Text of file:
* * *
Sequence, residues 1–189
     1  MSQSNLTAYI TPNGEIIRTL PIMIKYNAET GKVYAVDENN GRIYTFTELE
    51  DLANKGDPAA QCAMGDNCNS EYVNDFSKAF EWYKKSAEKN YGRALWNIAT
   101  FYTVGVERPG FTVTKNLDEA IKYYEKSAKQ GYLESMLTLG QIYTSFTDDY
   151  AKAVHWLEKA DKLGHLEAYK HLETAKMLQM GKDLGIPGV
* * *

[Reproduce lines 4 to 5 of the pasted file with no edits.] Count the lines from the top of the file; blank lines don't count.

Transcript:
   101  FYTVGVERPG FTVTKNLDEA IKYYEKSAKQ GYLESMLTLG QIYTSFTDDY
   151  AKAVHWLEKA DKLGHLEAYK HLETAKMLQM GKDLGIPGV